Posts Tagged With: romance

Shadow and Bone by Leigh Bardugo

I’ve been reading and reading and reading some truly wonderful books over these past months and I must say my negligence in sharing them with you is weighing on me. Well, no more. I am going to be bombarding you with some book recommendations. Be warned.

Shadow And BoneShadow and Bone by Leigh Bardugo

The heroine in Leigh Bardugo’s Russian inspired Shadow and Bone is Alina Starkov. She, like her best friend Mal, was a war orphan from the outskirts of Ravka. Now teenagers, the two have joined the military to continue in the ongoing fight for their kingdom.

While their unit is traveling through the darkness of the magical Shadow Fold that splits their country, they are attacked by winged monsters. Mal is wounded in the exchange and Alina uses a power she didn’t know she possessed to light the darkness. Identified as one of the magic Grisha, Alina is taken from the eerie Shadow Fold to the riches of the King’s castle by the mysterious Darkling. Here she has to discover what she really is and what she holds dear.

Shadow and Bone is the first in Leigh Bardugo’s Grisha Trilogy. I read Shadow and Bone back in December and instantly became a huge Leigh Bardugo fan. Her writing draws you in and doesn’t lag into filler. The high adventure fantasy story was engaging from the start to the explosive conclusion. While the “will they or won’t they” romantic elements of the reads I choose was there, I also was hit over the head with some surprises. That was quite refreshing.

You can read more about Leigh Bardugo, her Grisha Trilogy and even find some original Ravka folktales at her website:

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Dutton Books, 2012

The_Fault_in_Our_StarsI don’t feel I need to write a recommendation for The Fault In Our Stars. If you enjoy YA and don’t live under a huge rock, you likely know all about this book and the box of tissues you should buy along with it. I’m ONLY writing this because I want this amazing title in the Recommendation section of my blog. That and because it’s timely. The movie comes out on Friday people.

John Green’s writing has the wit and charm of someone who has spent their life making smart people laugh. Plus, he gets into his characters and makes them real. He crammed all this wit, charm and realness (word?) into his protagonist Hazel Grace Lancaster.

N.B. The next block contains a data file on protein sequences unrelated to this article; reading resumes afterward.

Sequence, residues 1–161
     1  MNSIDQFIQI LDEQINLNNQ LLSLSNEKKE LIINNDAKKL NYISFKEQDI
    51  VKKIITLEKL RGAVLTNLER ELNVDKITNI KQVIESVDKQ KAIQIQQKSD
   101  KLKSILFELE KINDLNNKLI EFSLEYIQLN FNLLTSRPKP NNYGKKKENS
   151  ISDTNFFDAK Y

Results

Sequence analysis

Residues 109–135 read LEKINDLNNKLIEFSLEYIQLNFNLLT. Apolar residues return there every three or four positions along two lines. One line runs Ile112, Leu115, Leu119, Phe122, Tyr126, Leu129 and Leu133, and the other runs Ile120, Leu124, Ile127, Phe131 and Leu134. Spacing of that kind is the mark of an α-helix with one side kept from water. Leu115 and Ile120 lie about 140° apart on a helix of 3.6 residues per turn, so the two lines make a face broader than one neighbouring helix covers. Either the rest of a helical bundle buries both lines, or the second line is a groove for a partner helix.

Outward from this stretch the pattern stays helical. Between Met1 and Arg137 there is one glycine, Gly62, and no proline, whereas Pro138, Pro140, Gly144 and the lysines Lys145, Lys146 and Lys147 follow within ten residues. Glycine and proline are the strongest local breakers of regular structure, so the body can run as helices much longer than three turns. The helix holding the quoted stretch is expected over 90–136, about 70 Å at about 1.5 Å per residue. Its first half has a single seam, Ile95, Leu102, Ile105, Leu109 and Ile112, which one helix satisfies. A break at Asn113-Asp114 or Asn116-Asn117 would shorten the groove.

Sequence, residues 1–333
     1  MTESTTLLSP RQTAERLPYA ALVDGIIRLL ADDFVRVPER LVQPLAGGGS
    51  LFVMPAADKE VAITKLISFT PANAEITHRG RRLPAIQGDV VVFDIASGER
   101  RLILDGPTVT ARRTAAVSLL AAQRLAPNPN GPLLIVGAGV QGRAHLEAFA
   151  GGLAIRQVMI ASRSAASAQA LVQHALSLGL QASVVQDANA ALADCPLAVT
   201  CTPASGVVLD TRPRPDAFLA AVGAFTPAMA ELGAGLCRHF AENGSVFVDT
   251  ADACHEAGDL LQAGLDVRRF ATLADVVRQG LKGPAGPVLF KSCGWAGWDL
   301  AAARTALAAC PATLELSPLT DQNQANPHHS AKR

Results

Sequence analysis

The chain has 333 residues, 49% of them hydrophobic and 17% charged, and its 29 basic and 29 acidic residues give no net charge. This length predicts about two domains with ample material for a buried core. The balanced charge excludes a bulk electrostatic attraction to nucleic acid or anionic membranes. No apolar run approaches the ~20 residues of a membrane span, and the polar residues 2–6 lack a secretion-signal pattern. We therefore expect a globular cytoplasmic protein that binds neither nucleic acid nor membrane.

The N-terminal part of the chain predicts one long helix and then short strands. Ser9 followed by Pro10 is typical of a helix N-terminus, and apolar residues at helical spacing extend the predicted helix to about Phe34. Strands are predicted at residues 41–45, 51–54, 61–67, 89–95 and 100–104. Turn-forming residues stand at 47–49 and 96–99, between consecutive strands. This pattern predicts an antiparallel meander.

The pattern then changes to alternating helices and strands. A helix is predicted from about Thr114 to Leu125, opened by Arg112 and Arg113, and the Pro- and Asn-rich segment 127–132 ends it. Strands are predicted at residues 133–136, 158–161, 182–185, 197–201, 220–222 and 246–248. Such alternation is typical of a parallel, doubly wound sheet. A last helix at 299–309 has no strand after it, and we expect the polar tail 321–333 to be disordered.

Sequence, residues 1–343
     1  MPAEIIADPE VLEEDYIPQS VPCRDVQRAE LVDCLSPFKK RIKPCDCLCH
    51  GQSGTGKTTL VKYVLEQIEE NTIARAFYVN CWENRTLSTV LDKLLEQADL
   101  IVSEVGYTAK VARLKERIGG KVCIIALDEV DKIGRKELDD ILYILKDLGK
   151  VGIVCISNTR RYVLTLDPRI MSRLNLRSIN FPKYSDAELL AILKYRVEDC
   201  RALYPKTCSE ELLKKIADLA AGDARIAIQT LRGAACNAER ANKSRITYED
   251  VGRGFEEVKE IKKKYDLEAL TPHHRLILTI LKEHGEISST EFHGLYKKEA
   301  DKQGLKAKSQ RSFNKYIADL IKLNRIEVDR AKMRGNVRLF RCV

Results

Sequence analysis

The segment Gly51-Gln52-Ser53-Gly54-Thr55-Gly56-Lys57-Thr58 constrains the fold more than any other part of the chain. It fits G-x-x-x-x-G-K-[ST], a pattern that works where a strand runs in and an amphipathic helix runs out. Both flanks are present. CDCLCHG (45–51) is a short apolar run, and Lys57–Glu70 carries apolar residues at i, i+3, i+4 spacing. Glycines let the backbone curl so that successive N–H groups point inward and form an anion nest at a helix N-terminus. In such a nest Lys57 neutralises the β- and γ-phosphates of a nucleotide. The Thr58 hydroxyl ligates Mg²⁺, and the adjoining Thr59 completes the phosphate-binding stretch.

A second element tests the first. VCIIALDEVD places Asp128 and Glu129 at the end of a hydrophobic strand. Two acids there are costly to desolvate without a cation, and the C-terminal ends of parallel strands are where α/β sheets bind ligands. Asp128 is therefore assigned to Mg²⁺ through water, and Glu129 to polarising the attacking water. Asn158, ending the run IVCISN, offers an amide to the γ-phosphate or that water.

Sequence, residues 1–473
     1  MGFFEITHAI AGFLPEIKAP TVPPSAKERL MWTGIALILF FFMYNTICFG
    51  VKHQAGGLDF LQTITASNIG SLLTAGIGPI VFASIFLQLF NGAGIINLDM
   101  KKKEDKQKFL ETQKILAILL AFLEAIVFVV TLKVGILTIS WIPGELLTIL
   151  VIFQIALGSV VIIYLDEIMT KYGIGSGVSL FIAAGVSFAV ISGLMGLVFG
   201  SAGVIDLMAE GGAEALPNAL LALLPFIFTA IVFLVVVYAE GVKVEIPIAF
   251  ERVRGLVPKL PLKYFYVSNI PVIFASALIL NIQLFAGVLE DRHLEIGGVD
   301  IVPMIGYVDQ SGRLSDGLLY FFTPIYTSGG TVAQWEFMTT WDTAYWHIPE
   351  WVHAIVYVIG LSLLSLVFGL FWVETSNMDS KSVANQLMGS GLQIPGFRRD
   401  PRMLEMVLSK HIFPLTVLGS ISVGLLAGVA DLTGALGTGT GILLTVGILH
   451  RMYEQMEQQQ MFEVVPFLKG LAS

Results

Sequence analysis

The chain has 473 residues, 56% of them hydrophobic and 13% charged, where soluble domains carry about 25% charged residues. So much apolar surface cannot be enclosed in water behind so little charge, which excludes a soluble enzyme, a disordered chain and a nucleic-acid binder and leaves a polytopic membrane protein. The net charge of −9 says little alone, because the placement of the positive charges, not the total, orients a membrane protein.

Hazel is a sixteen year old girl that classifies herself as a cancer kid. She’s resigned to the fact that she’s dying. There is no way around it. Imminent death is the focus of her life…until she meets Augustus Waters. The romance that follows doesn’t take away her worries. It just makes her focus on the “life” part of her life more than she did before.

Besides the clever writing and moving story, here are the Top 10 Reasons I think you should read The Fault In Our Stars (and then go see the movie):

  1. Hijacked wishes

  2. Augustus Waters Fetish (it’s a thing)

  3. Side effects

  4. No eggs at breakfast

  5. The beautiful couple is beautiful

  6. Orange Picnic

  7. Infinities big and little

  8. Metaphoric cigarettes

  9. Fourteen to remember

  10. Okay? Okay.

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My A to Z of Pride and Prejudice – Letter N

Pride-and-Prejudice_LOVEThe April A to Z Blogging Challenge  is a month-long event where I, and more than 2000 other bloggers, will post every day of the month (except Sundays) using a different letter of the alphabet. The theme of my posts will be “What I Love About Pride and Prejudice.” Click the link above or the A to Z badge in my sidebar to visit other participants.


N is for Netherfield Park

“My dear Mr. Bennet,” said is lady to him one day, “have you heard that Netherfield Park is let at last?”  –Jane Austen Pride & Prejudice

The day Charles Bingley moved into Netherfield Park changed the future course for all the characters in Pride and Prejudice.

Netherfield_Edgecote Hall

The exterior shots of Netherfield Park were filmed at Edgecote Hall, Northamptonshire for the BBC 1995 Pride & Prejudice mini-series

If this one event hadn’t happened, Mr. Bennet wouldn’t have gone to make the acquaintance of Mr. Bingley and his daughters wouldn’t have been able to dance with this newcomer at the ball in Meryton. If Bingley hadn’t liked Jane Bennet so much upon meeting her, he never would have pointed out her sister Elizabeth to Darcy. Darcy wouldn’t have slighted Elizabeth and she wouldn’t have resented him. There would have been no evenings at Netherfield for Elizabeth to spar with Darcy while Jane laid ill upstairs. And most definitely, there wouldn’t have been a ball at Netherfield where Darcy and Bingley’s sisters decided once and for all to get Bingley away from Meryton.